This one would fall under the breakfast or dessert heading.
Anyway, I love bananas and am always on the hunt for the perfect muffin recipe. Aren't muffins great? A little hand size taste of goodness, so here you go banana muffins. Enjoy!
1 1/2 cups all-purpose flour
1 teaspoon baking soda
1 teaspoon baking powder
1/2 teaspoon salt
3 bananas, mashed
3/4 cup white sugar
1 egg, lightly beaten
1/3 cup butter, melted
1/3 cup packed brown sugar
2 tablespoons all-purpose flour
1/8 teaspoon ground cinnamon
1 tablespoon butter
1. Preheat oven to 375 degrees F (190 degrees C). Lightly grease 10 muffin cups, or line with muffin papers.
2. In a large bowl, mix together 1 1/2 cups flour, baking soda, baking powder and salt. In another bowl, beat together bananas, sugar, egg and melted butter. Stir the banana mixture into the flour mixture just until moistened. Spoon batter into prepared muffin cups.
3. In a small bowl, mix together brown sugar, 2 tablespoons flour and cinnamon. Cut in 1 tablespoon butter until mixture resembles coarse cornmeal. Sprinkle topping over muffins.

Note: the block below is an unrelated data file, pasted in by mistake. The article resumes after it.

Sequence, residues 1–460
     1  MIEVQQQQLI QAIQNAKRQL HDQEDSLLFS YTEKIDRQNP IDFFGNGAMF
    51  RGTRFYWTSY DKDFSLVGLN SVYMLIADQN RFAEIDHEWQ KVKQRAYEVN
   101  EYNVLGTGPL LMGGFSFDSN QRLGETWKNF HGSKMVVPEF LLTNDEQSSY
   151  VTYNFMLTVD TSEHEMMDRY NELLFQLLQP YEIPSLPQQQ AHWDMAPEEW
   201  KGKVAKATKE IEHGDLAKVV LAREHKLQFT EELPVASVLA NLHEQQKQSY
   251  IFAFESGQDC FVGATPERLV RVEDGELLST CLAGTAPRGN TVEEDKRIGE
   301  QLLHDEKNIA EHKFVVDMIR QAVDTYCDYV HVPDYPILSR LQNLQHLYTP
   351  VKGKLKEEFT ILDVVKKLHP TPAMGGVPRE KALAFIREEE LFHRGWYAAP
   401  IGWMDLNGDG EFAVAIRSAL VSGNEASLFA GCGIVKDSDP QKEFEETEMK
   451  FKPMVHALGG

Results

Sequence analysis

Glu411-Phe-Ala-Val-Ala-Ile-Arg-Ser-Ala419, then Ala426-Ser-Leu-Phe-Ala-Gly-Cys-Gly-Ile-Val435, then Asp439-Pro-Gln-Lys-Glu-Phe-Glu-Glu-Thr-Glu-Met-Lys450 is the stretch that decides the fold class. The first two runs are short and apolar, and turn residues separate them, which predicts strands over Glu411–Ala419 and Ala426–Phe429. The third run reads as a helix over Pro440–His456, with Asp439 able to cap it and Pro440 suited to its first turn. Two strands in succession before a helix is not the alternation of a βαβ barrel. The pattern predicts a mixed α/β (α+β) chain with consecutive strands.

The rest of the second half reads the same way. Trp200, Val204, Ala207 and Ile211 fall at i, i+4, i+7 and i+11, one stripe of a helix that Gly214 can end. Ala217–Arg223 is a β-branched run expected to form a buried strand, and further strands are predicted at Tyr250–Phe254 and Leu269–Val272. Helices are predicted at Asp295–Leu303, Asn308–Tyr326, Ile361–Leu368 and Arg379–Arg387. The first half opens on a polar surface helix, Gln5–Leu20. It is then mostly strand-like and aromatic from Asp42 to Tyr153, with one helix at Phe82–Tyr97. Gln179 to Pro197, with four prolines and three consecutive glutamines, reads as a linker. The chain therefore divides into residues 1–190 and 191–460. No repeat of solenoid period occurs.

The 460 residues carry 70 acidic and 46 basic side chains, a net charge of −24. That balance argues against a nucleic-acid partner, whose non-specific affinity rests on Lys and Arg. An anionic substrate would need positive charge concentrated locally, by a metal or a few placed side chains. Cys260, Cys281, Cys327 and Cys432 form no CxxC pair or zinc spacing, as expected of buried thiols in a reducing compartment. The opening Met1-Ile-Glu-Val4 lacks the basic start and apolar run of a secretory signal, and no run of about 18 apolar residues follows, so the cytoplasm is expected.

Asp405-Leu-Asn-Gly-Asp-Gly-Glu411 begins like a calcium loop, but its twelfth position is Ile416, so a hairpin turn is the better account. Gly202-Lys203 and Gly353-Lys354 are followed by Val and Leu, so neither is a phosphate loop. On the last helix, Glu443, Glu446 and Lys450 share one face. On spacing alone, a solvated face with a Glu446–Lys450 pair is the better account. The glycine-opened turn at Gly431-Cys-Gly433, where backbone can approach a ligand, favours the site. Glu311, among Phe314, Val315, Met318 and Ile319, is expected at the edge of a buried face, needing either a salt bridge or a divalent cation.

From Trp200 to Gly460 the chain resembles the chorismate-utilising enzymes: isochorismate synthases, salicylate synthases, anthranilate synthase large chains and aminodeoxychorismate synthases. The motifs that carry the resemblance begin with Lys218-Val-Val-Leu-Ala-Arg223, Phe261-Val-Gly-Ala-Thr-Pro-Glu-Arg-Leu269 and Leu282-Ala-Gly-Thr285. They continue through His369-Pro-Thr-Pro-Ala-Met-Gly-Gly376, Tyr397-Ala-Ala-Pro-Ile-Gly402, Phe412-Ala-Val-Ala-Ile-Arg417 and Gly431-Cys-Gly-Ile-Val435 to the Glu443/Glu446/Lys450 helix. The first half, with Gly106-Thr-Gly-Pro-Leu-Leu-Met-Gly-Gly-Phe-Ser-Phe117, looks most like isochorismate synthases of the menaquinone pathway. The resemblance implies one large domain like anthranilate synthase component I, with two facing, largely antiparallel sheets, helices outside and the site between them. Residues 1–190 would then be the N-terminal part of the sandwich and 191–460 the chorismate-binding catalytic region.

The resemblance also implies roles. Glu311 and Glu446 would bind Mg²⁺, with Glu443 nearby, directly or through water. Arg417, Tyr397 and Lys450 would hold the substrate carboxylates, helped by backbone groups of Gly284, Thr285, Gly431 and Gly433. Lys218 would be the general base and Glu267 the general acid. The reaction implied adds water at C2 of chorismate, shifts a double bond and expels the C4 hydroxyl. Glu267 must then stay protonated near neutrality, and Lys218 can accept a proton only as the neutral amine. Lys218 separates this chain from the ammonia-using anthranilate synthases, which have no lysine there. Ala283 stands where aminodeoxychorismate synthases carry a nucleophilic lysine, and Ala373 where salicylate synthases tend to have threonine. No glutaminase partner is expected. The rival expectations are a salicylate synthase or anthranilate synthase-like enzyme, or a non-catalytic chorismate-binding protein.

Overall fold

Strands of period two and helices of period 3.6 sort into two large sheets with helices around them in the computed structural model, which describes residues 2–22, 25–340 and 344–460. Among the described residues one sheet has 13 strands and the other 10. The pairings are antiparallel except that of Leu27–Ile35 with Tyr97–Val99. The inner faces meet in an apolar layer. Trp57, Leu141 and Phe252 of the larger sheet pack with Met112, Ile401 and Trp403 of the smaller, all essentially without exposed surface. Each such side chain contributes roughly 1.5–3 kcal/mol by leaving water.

4. Bake in preheated oven for 18 to 20 minutes, until a toothpick inserted into center of a muffin comes out clean.
Monday, April 28, 2008
This one would fall under the breakfast or dessert heading.
Thursday, April 24, 2008
1. I'm one of 5 girls, who all had girls (that is except for me, lol).
2. I generally read 2 or 3 books at a time and keep them stashed all over the house and in my car.
3. I can't see without my glasses or contacts.
4. I have to sleep on the left side of the bed and have all the lights off to go to sleep.
5. I love kung fu movies especially if they're not in English and have subtitles.
6. I reread Pride and Prejudice every year.
7. I think Coca Cola is hands down the best invention of modern times and the best beverage in the world.
8. I hate to be barefooted.
9. I'm addicted to coffee, but trying to quit
10. I've been sewing over half my life.
Wednesday, April 23, 2008